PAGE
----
I was hoping that he would reassure this woman and challenge that rumor.  Graham has a reputation for not always towing the party line.  Earlier in the call I liked that he had not been baited by some residual “Drill Here, Drill Now” folks; instead he emphasized Boone Pickens‘ natural gas program to gain energy independence for America.

Boy, was I disappointed.  He basically said that she was right and that she should believe everything bad she’s ever heard about this bill.  He went on to throw another conspiracy theory on her bonfire: he claimed that the low price of the penalty against companies who don’t offer health care is designed to force everyone onto a public option.

He added that the bill was so long and complicated that it’s hard for anyone to know what’s in it.  I suppose this was his cover for giving misleading information to his constituents.  (I’m one of those who happen to think it is a senator’s job to understand what’s in a bill that s/he is voting on.) I don’t claim to be an expert on this bill, but all of my research suggests that in fact small businesses would receive a tax credit to help them afford health insurance.

Now, even if he wanted to maintain his support for total repeal of health care reform, he could have used the opportunity to tell this woman the truth but explain that there are other problems with this bill that makes him want to start all over.  It would have been an opportunity to press his talking points about what’s wrong with this bill.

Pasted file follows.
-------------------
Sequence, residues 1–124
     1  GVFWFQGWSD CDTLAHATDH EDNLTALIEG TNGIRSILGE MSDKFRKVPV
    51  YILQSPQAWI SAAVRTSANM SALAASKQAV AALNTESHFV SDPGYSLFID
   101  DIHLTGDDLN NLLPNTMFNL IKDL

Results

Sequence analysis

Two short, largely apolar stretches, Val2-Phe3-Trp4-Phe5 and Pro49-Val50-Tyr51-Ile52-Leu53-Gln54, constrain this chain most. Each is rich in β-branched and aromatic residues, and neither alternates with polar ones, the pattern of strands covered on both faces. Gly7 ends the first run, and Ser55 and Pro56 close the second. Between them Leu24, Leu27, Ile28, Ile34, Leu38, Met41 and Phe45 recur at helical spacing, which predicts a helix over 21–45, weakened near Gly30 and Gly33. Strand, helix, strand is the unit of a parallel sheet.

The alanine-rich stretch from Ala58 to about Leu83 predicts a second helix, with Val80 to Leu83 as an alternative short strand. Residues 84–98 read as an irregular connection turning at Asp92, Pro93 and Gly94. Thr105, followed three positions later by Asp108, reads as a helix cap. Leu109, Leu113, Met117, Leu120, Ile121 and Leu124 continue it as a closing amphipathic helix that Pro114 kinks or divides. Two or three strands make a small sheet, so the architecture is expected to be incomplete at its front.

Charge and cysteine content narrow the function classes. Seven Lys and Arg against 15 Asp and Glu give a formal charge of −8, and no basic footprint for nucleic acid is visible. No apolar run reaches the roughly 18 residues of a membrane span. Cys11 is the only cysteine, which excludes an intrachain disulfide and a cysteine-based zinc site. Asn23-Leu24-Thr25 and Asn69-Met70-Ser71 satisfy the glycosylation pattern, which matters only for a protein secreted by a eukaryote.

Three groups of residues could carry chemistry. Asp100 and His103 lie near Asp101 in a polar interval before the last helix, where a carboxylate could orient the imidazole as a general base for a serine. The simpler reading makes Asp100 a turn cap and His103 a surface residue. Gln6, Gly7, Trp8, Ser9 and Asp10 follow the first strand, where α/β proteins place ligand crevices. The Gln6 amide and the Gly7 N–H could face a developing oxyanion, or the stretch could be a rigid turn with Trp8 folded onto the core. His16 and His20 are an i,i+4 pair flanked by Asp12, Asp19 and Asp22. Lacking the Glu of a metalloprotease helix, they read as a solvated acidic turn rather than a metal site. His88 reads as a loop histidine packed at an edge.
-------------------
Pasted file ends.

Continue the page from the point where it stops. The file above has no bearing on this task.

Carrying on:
This interchange made me so angry, that I decided I was in no frame of mind to speak politely or even rationally, so I disconnected from the call.  Instead, I sent him an email with my thoughts.

Post State of the Union = Predictable Divide

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Last night’s state of the union address by the U.S. President evoked responses that were less about what the president said and more about the ongoing competition between opposing forces desiring control over the future of America.  Those on the left used the opportunity to either bolster their man in the executive branch or nitpick about how their pet issue didn’t receive its due portion of attention.  Those on the right used the opportunity to bolster their various claims about what is wrong with the man in the oval office.

It was a good speech.  It ran a little long for my taste, but it emphasized positive things and points on which most everyone could agree.  I don’t always listen to state of the union addresses, and I’m pretty sure that most of America tuned out of this one as well.  Most would rather digest it after its been properly chewed by our favorite pundits.  These pundits reinforce our own opinions and prejudices while injecting enough sensationalism to keep us listening, watching, or reading.

Our addiction to easy and processed narratives about our society turns the job of governing into a sport between political forces.  Policy and civics are boring, but a good fight is always entertaining and invigorating.  Nobody watches C-SPAN; everybody’s watching Fox or ESPN.  The biggest problem with the sports metaphor for civics in America is that our energies are focused on tackling our political opponents rather than tackling America’s problems.